- When reallocating: don't sell and buy at the same day. Try to sell a bit higher and buy a bit low by using "slow stochastics" (available on any Yahoo! finance chart by clicking 'technical analysis' and then 'slow-stochastics'.
- Never chase ETFs that go sharply up. They always come down. Again, use slow-stochastics which I found to be one of the best indicators for ~2 weeks term low/high points.
- REITs may be an excellent "fixed-income" vehicle, However, right now, I would use low allocations because there are signs the the US real estate bubble has started to burst (e.g. Florida is sharply down in the past few months). Give this about 2 years, and that may be a better time to buy REIT ETFs
- Overweight Value stocks over Growth stocks. Over the long term value wins big over growth. See numbers in the sources below.
- Overweight small stocks over large stocks. Over the long term small beats big. Anything that's very big has slow growth. You cannot grow too fast when you're already huge. Be careful though: there may be long periods like 1990-2000 where large+growth beats small+value. Sticking with small-value requires at least a 20-year period to be highly certain of outperformance. Investing in large-cap value is ok, and recommended.
- Beware of volatility: assets with high beta are risky, if you buy them, buy them in small portions, and always wait for their dips.
- Excess activity kills performance. Be passive and don't do too many switches in/out. Women are better investors than men because they trade less.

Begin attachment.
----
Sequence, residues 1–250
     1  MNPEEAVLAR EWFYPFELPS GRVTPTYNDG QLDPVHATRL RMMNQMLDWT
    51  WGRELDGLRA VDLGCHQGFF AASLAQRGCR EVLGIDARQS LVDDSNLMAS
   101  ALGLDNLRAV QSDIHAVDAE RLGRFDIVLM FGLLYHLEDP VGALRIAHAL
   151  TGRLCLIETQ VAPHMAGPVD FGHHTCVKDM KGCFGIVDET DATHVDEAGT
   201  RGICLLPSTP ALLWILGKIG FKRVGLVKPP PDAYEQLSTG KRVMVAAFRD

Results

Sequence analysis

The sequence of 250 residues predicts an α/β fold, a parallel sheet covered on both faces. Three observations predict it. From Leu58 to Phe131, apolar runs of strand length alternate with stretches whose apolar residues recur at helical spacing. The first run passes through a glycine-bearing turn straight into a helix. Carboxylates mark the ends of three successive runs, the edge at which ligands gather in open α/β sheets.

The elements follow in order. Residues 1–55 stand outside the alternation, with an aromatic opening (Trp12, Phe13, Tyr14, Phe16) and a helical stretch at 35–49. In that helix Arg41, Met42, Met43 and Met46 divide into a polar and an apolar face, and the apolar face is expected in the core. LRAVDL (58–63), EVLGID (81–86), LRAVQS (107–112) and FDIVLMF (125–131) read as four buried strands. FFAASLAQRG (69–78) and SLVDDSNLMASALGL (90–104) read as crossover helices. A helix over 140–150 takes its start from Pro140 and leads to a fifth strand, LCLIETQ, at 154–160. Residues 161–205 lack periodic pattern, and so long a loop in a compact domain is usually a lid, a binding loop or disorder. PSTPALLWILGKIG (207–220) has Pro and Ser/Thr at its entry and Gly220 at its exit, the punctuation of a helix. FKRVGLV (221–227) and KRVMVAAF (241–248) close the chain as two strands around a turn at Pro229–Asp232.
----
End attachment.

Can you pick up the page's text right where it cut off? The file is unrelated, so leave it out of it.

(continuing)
- Some of my favorite sites:
- One more time: Diversify! the reason to diversify is not just to protect your downside, it is also to maximize long-term returns. The math is simple, though non-intuitive. To convince yourself, think of a stable 5%/year return, vs a +20%/year followed by -10%/year every other year. While the simple average is the same (5%/year equals [(20%-10%)/2 years]) after 10 years, returns are compounded so what matters is the geomeric mean, rather than the arithmetic mean.
After 10 years, the stable 5%/year portfolio will be +62% in the black (1.05 10), while the +20/-10% portfolio, will be at only +47%: (1.2 * 0.9)5. This is why you want to mix assets that have low-correlations together. You want to have a steady as possible annual-return as opposed to one great year followed by a bad one. This is one of the tenets of MPT (modern portfolio theory). There's a good reason why Harry Markowitz won the Nobel Memorial Prize in Economic Sciences for these and other ideas.
Questions? Corrections? More ideas? Please share,